40 Hilarious Memes To Tickle Your Funny Bone
If you were to ask us, memes are an inseparable part of humor today as social media is to the internet. Whether it's your favorite TV show or just something we all can relate to (money, dating, procrastination) - memes are there, ready to crack us up 24/7.
However, there are only a few wellsprings of memes that keep things original and classy. For today's bunch, we have to thank this classic Instagram page with over 1.1 million followers, which shares relatable and diverse memes on pretty much everything. Without further ado, go have some laughs, pandas!
In today's digital era, where information travels at warp speed and Apple's new luxurious VR goggles (only for $3500!) just begs to be made fun of, a curious cultural phenomenon has captured our collective imagination, transcending language, age and class — memes. These seemingly innocuous images, videos, or text snippets, infused with wit and humor, have woven their way into the very fabric of existence, not only online but in real life as well.
In a recent post, Adam Downer, the editor of 'Know Your Meme', explained to Bored Panda that, "The best way for a meme to work is to have it be applicable to a wide array of situations, and it needs to be able to transcend its original context. Oftentimes, you'll see people clamoring over a 'new meme' that is really just jokes about one pop culture reference."
The power of memes, then, lies in their versatility. They act as cultural mirrors, reflecting society's quirks, foibles, and prevailing trends. By poking fun at our collective obsessions, they offer a sense of camaraderie and validation.
Just think of all the times you have seen a memed-out Elon Musk (who appears not to mind it) or some clunky technology that was just begging to be made fun of. Surprisingly, we have come to a point when there's no point in counting just how many memes we are blessed with every day.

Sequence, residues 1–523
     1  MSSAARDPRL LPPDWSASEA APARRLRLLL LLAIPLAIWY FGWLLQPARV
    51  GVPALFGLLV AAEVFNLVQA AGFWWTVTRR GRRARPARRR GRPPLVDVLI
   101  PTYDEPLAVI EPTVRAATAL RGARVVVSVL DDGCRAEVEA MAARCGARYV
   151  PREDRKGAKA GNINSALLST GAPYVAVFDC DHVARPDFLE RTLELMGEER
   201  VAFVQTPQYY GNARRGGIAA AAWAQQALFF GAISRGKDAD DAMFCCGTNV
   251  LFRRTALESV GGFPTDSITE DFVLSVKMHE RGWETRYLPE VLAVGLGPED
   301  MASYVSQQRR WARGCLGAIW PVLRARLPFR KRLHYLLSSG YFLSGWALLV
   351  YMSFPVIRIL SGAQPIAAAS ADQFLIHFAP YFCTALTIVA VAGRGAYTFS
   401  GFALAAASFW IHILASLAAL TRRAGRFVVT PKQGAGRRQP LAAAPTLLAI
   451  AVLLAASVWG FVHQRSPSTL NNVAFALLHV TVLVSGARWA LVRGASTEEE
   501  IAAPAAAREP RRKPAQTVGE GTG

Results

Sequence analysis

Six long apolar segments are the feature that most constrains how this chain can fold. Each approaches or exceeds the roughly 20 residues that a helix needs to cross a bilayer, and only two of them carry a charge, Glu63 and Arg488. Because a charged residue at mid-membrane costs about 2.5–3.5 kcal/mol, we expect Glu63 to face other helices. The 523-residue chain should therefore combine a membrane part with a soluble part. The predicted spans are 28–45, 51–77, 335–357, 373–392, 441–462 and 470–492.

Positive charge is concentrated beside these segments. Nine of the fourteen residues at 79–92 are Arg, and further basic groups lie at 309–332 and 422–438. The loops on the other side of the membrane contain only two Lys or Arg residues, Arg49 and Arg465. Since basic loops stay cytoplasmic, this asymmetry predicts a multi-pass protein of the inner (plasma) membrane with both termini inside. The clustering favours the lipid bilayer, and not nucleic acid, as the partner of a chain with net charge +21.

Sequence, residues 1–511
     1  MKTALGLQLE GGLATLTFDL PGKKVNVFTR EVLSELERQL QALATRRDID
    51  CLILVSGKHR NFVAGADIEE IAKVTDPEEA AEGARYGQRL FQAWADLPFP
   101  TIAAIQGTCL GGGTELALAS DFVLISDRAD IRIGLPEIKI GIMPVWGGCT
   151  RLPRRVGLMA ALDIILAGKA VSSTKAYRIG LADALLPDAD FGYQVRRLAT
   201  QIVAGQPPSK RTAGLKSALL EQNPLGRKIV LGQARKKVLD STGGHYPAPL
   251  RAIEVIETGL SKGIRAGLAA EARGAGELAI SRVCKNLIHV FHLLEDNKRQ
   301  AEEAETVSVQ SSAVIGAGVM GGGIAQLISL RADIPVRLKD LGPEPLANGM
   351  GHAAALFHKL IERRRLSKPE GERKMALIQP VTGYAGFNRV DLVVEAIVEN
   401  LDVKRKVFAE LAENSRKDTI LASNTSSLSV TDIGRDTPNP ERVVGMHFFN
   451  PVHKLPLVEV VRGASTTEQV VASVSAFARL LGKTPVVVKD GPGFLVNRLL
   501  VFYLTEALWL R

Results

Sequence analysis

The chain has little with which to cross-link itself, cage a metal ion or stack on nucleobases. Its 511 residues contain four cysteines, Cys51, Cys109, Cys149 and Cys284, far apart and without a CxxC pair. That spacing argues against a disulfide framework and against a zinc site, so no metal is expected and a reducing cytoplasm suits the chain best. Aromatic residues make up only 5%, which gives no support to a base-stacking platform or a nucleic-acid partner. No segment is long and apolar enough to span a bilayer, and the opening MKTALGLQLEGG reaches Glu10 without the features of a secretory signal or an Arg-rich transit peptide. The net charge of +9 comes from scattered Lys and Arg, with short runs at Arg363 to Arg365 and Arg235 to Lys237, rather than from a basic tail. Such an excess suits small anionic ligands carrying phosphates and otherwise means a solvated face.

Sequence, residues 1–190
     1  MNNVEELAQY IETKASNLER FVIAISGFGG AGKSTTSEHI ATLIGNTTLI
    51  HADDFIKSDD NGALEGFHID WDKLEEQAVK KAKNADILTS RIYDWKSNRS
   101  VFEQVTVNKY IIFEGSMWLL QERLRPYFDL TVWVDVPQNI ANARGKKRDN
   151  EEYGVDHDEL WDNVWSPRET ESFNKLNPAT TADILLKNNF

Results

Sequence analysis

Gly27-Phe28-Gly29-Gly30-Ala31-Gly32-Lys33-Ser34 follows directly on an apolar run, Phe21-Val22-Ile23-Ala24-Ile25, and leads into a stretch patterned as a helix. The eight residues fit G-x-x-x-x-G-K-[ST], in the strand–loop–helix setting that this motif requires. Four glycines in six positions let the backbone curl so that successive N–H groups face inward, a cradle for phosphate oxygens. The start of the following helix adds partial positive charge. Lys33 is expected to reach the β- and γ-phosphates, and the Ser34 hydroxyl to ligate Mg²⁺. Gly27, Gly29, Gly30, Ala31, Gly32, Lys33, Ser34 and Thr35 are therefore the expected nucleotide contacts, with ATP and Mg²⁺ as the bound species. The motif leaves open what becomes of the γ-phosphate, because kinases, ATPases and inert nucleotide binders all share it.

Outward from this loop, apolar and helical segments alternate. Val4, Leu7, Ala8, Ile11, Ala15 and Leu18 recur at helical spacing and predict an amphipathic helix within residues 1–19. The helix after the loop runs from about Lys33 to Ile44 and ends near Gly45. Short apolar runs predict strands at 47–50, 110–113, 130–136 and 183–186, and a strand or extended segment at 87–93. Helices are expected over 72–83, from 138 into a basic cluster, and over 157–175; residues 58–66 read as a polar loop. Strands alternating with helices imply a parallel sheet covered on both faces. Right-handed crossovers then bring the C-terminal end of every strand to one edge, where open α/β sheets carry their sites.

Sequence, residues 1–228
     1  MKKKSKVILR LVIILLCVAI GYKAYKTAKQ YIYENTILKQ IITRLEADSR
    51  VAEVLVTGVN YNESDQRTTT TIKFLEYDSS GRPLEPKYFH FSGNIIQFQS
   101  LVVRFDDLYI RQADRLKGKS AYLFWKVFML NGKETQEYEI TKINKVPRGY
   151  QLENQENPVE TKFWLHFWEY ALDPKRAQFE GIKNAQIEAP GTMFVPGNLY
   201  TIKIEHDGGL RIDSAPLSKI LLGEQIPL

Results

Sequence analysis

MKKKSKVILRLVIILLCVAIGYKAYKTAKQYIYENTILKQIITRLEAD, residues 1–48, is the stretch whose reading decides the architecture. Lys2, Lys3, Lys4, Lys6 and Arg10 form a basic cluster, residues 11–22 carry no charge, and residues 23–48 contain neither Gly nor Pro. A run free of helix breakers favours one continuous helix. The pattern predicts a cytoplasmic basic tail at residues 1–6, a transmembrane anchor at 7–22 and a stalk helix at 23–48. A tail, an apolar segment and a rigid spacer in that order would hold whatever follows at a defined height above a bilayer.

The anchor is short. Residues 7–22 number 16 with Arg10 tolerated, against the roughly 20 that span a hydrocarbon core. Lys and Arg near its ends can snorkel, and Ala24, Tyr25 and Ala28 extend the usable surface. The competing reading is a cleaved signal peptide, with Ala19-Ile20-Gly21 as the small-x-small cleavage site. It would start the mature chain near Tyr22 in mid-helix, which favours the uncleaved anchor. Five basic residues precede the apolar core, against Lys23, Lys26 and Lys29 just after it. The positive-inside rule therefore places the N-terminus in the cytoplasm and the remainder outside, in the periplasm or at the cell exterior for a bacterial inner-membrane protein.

According to the BBC, the term "meme" was introduced by renowned evolutionary biologist Richard Dawkins in 1976. Drawing inspiration from the Greek word "mimeme" (which sounds a bit like Trump's brain-child "confefe"), Dawkins sought to elucidate the concept of discrete cultural units that replicate and spread among individuals, much like genes. In an act of linguistic creativity, he shortened "mimeme" to "meme," which conveniently rhymed with "cream." Dawkins proposed that memes encompassed melodies, ideas, catchphrases, or fragments of information that leap from one mind to another through imitation, facilitating their transmission.
Researchers at Facebook, for example, showed just how fast memes can spread and evolve. They found more than 121,000 different variants of one particular meme posted across more than 1 million status updates. Come to think of it, it's not so crazy to hear something like this in today's day and age. But we're talking about the age of "dogge" and other classical memes that paved the way for a whole new appreciation of this internet phenomenon.
In essence, though, the fascination with memes can be attributed to their ability to entertain, connect, and provoke thought. Not only do they offer a form of cultural shorthand that binds us together but also offer a unique way for self-expression – something that is evident in the popularity of meme hubs like today‘s meme sponsor.